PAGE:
CHARLESTON, W.Va. -- It was the headline about a pig saving a baby goat from drowning that prompted me to click on the first story. From there I was lured to stories about a seizure-detecting cat, a pair of dogs that kept an autistic boy warm while he was lost in the woods overnight, and a German shepherd that traveled, in spite of its advanced age and arthritic condition, many miles to get help for its owner.
I'm a sucker for tales of animal heroics, especially stories featuring dogs. I'm simply reduced to mush by tales of dog bravery. And one might think that, considering the many dogs as my family has had over the years, the law of averages would have us awash with our own stories of animal heroism.
We have only one.
Granted there weren't any flames or blood or frigid temperatures in our tale, and it might've simply been a bit of fortunate timing on the dog's part, but it still makes me proud.
Fifteen years ago, my parents had several dogs. Among them was a chow mix named Mac.
Mac was a handsome dog. He looked good in hats. Knew it. Worked it. Mac had style. Fortunately, Mac also had girth. As he aged, he seemed to become less of a dog and more of a puddle -- his ample spread was somehow waterlike, and when Mac would flop to the floor, it was more like he'd spill.
At the time, my daughter Celeste was just a toddler. She could take a few steps, but generally preferred still to crawl. Mom and I were moving furniture in preparation for company, and we'd put Celeste with some toys on a blanket near us while we worked. Mac had lumbered upstairs with us and was standing near the door as Mom and I hoisted a mattress and began to flip it. Celeste chose that moment -- when we were completely occupied and helpless -- to stand and run full speed directly toward the top of the stairs. There was no way we could've reached her in time.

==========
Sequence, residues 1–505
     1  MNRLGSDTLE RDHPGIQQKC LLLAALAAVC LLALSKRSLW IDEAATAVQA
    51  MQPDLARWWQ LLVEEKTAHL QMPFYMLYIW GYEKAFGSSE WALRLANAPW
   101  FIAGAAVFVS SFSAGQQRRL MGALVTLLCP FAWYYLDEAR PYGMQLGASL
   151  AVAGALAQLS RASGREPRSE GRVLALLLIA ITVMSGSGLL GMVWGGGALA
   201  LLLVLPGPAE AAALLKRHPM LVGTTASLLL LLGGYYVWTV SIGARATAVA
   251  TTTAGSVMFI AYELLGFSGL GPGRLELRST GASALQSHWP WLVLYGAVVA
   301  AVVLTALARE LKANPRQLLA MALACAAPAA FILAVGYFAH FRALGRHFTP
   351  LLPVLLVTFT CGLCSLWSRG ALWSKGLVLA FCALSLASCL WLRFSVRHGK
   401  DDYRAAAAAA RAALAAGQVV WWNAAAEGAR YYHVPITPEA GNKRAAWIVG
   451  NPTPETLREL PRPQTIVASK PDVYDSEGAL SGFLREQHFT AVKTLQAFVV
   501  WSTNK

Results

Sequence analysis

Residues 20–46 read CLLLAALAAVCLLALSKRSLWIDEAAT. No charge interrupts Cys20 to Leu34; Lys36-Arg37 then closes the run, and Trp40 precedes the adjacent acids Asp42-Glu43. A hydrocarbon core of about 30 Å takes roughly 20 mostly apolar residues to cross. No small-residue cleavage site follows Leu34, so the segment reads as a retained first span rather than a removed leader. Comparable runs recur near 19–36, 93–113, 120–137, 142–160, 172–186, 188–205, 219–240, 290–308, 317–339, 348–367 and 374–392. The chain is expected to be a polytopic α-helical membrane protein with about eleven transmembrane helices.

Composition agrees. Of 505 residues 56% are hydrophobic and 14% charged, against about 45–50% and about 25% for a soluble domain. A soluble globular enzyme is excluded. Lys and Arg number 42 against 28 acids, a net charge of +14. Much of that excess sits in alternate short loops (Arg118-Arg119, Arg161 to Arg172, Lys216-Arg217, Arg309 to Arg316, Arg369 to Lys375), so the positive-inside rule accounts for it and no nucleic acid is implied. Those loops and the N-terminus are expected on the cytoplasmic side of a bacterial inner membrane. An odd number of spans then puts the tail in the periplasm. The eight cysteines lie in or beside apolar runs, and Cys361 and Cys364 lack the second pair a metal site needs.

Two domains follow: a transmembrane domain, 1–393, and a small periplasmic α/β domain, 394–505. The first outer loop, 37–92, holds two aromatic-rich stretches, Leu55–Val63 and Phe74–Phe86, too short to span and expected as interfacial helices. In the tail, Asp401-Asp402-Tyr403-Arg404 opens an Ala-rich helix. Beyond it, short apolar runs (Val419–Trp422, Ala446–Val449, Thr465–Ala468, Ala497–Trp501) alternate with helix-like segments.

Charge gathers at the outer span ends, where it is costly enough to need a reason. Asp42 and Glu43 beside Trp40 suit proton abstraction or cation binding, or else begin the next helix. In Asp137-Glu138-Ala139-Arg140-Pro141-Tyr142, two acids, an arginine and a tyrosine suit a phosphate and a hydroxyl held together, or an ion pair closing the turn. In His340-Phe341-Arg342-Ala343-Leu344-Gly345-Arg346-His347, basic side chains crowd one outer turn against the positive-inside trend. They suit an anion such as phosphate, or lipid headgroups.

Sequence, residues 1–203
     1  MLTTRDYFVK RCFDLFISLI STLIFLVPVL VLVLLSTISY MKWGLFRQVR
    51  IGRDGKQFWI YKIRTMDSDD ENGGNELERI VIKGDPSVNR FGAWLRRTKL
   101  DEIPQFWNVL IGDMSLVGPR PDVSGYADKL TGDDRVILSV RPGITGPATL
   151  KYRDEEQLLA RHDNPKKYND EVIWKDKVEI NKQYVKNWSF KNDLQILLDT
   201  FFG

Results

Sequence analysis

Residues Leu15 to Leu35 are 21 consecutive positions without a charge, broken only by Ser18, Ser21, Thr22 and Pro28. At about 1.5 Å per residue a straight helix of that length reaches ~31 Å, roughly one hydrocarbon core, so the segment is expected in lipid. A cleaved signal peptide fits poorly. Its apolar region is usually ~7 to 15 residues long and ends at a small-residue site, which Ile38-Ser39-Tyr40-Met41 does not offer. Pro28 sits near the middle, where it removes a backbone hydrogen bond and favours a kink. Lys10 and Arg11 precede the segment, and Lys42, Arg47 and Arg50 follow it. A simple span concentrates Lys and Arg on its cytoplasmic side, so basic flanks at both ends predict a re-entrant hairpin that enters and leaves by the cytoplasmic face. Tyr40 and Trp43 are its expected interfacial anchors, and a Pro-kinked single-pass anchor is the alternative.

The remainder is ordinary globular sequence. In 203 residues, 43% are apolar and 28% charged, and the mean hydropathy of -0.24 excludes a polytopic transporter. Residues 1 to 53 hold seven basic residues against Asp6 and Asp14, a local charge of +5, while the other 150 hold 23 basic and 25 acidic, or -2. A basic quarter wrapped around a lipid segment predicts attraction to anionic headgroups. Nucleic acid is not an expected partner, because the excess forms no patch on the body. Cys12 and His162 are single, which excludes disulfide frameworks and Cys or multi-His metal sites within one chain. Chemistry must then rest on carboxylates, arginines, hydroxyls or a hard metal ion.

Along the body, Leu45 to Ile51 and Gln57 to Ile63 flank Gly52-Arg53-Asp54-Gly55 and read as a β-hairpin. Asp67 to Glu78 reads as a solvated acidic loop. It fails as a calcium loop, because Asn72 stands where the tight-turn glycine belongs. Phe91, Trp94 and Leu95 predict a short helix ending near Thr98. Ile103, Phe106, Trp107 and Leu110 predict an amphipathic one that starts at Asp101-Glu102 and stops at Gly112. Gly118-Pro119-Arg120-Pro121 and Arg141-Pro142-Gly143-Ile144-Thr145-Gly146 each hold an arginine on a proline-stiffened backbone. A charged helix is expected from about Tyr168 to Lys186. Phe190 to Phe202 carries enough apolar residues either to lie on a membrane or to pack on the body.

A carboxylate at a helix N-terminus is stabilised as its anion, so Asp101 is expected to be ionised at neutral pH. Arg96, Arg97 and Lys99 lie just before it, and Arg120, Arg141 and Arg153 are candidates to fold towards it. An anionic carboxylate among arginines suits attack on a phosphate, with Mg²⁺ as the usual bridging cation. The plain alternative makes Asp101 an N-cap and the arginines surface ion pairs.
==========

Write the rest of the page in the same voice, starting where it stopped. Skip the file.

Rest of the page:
Fortunately, Mac was there to employ his Puddle Powers and save the day. He flopped that big, watery belly down across the top of the stairway, and Celeste plowed happily into his furry roadblock instead of tumbling down the stairs.
I have no doubt that Mac saved her that day, whether it be from a broken neck or just a wicked rug burn. He was my hero. Funny thing was, he knew what he'd done. Was proud of himself -- and angry with me for what he seemed to believe was neglectful parenting. For the next hour or two, every time I tried to get near Celeste, he put himself in between us. She was his. He'd saved her. Her life now belonged to him. He eventually forgave me, but from then until his death from old age, Celeste was his in a way none of the other grandkids ever were.
Aside from Mac, though, none of our family's dogs have been heroic. The ones I have now aren't even all that courteous. A few years back, each one had an opportunity to come to my rescue, and each one took a pass.